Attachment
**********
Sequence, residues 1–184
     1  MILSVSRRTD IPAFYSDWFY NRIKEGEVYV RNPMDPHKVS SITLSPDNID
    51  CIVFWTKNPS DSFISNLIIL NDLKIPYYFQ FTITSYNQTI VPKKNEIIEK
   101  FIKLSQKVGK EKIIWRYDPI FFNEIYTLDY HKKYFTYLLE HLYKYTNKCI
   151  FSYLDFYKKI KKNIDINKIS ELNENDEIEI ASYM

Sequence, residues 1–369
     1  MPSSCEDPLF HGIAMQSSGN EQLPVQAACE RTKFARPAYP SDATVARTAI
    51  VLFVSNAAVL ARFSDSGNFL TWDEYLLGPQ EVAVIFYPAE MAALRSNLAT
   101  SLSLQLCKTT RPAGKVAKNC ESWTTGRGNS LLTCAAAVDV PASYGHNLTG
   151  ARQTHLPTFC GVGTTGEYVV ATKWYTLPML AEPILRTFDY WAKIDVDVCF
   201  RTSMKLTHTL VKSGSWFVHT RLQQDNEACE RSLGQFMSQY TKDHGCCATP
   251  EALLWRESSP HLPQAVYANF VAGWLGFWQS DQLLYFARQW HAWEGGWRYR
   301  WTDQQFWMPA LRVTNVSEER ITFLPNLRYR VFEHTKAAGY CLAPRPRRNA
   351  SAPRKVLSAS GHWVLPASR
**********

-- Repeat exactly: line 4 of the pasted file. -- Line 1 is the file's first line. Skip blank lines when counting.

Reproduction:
   101  FIKLSQKVGK EKIIWRYDPI FFNEIYTLDY HKKYFTYLLE HLYKYTNKCI